Cape Town's construction industry, as it is for thousands of local workers. In the first ten years
in which it is operating, 19 000 direct and indirect jobs will be established in our tourism and
leisure industry."
Councillor Morkel said he was pleased that Convenco had adopted the Targeted Access Programme (TAP)
protocols which stipulated that Cape businesses and people, in particular the previously-disadvantaged,
should be targeted where possible in terms of professional services, outsourcing, procurement,
supply arrangements and recruiting.
"One can appreciate, then, the huge potential in this project to create and re-distribute new
wealth and opportunity. In this way, the City Council is delivering on its promise to grow Cape
Town's economy, and enhance quality of life, to the advantage of all its people".
CEO of Convenco, Ian Douglas, noted that the final results of the economic impact assessment
demonstrated the important and beneficial impact of the convention centre development on emerging
business, and in fostering Cape Town's comparative economic advantages.
"While the most obvious immediate beneficiary is the tourism industry, from restaurateurs to bus
operators, just as important is the new economic activity which will be stimulated within a wide
variety of established and growing local industries. A good example are those new groupings of
businesses that operate in, and provide support to, the predominantly high-technology and
knowledge-based economic sectors. These industries, relatively still in their infancy in Cape Town,
will be a major beneficiary, fuelling their potential to become increasingly important p layers in
the Cape economy."
Douglas said that while construction only began in April, contractors were ahead of schedule and
the Principal Contractor, WHBO/Rainbow Joint Venture had been handed the 6,1 hectare site on June
13th. Douglas said the "dirty" building work would be completed by the first quarter of 2003, with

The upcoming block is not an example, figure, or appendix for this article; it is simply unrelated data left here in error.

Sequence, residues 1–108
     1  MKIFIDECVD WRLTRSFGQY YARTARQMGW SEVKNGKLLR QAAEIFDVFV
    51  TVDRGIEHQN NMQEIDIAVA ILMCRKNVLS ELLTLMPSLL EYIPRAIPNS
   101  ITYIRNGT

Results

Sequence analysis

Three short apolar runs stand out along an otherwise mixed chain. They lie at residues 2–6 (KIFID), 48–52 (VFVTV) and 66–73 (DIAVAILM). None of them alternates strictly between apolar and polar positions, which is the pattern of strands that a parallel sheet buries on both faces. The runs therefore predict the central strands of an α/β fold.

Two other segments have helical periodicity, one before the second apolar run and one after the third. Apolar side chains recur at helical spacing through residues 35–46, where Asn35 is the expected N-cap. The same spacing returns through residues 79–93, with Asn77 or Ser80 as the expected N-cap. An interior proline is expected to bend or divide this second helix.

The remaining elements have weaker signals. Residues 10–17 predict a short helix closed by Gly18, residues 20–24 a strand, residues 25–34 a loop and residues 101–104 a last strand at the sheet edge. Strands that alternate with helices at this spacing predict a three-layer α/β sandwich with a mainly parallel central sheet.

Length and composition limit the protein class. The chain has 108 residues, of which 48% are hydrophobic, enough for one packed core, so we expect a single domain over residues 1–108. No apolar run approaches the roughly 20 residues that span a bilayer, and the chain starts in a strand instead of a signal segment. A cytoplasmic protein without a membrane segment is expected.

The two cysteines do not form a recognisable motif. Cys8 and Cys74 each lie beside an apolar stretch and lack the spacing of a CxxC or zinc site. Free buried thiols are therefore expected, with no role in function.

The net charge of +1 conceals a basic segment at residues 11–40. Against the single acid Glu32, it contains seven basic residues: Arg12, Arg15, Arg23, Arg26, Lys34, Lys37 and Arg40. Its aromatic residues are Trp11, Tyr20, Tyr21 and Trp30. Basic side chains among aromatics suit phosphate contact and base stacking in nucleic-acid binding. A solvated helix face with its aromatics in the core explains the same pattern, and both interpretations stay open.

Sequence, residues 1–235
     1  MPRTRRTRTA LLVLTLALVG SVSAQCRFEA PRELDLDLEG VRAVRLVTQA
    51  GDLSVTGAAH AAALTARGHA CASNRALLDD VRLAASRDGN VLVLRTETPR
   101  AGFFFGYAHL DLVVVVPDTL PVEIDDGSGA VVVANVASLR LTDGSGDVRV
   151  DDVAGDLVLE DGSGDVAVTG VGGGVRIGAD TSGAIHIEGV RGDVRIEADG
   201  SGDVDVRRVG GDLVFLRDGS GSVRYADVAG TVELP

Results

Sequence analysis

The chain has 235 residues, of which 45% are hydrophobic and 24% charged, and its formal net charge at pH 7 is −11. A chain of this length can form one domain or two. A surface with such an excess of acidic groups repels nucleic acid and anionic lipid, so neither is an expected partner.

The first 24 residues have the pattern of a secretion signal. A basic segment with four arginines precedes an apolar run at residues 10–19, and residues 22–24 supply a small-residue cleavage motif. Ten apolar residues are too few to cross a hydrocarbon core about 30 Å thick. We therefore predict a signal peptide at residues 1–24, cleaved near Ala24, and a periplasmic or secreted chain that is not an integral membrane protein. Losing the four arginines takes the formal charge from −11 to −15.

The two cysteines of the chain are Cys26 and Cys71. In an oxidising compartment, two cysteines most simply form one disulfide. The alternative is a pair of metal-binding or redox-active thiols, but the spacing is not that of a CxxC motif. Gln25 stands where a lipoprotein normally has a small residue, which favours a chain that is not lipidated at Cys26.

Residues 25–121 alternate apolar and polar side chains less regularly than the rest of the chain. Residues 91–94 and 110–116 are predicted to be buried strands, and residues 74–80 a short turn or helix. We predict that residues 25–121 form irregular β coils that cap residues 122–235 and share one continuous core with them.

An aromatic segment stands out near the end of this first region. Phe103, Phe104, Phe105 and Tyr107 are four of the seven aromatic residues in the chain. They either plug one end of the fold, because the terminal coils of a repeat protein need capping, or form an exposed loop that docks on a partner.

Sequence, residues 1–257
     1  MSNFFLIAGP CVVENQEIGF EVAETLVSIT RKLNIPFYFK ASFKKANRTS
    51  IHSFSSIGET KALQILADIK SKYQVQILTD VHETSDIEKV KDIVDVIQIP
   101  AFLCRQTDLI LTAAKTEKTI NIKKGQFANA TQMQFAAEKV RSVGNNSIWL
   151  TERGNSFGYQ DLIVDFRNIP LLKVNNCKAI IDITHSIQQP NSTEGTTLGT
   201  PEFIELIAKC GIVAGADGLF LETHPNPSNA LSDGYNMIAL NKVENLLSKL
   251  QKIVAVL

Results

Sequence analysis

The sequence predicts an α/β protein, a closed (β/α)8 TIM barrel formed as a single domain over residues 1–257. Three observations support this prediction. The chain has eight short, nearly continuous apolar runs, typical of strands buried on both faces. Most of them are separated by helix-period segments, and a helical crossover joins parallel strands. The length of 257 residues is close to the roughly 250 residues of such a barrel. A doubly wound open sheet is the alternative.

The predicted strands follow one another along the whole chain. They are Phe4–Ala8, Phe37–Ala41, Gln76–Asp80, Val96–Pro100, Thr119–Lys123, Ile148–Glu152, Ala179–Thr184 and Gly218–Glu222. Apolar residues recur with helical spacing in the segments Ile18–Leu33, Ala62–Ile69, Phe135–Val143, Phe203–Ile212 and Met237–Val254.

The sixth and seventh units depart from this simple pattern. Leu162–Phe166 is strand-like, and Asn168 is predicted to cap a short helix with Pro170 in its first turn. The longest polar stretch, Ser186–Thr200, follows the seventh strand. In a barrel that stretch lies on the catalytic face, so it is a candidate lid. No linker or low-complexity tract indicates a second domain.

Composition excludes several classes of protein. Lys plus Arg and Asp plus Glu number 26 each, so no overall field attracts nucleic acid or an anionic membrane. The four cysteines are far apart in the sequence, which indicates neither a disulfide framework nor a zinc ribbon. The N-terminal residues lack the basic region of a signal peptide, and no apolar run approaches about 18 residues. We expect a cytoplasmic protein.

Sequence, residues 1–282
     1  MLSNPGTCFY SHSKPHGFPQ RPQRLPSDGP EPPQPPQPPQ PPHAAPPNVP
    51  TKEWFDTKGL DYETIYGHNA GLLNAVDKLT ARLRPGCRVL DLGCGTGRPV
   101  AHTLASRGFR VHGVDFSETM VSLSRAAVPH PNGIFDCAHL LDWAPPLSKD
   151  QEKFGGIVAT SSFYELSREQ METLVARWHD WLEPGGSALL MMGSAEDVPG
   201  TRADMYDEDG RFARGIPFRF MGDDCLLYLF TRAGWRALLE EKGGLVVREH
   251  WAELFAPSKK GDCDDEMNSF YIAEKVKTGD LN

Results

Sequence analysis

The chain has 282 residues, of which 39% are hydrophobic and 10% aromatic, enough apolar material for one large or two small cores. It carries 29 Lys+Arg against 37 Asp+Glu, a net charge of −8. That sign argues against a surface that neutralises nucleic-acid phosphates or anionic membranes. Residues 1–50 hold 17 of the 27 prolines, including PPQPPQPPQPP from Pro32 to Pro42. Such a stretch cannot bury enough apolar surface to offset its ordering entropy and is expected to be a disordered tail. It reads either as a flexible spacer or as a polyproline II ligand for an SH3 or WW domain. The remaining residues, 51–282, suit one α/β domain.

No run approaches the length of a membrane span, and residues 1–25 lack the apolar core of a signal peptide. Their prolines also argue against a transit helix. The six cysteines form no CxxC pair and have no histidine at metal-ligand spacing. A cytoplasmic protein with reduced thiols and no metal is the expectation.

the first conventions to be held at the new facility likely to be no later than the last quarter of
that year.
The economic impact study was undertaken by a consortium of economists drawn from the Graduate
School of Business at the University of Cape Town, in partnership with Peninsula Technikon. Its
forecasts are based on the current business plan prepared by Dutch operators RAI, which makes
provision for a substantial new hotel development and office block, and a convention centre
comprising:
two raked seating auditoria catering for 1 500 and 620 people respectively one roof terrace
meeting room seating 400 people with independent foyer 33 more breakout rooms varying in size from
25 to 125 people each spacious and deluxe banqueting and function rooms of varying sizes including
2000 square metre ballroom state of the art 10 000 square metre exhibition and trade show space
three different restaurant facilities, one of which will be open 365 days a year
The study does not include contiguous development such as the Roggebaai Canal Tourism Precinct,
or any future increases in the size and number of conventions and exhibitions.


Publisher: Cape Business News
Source: Cape Business News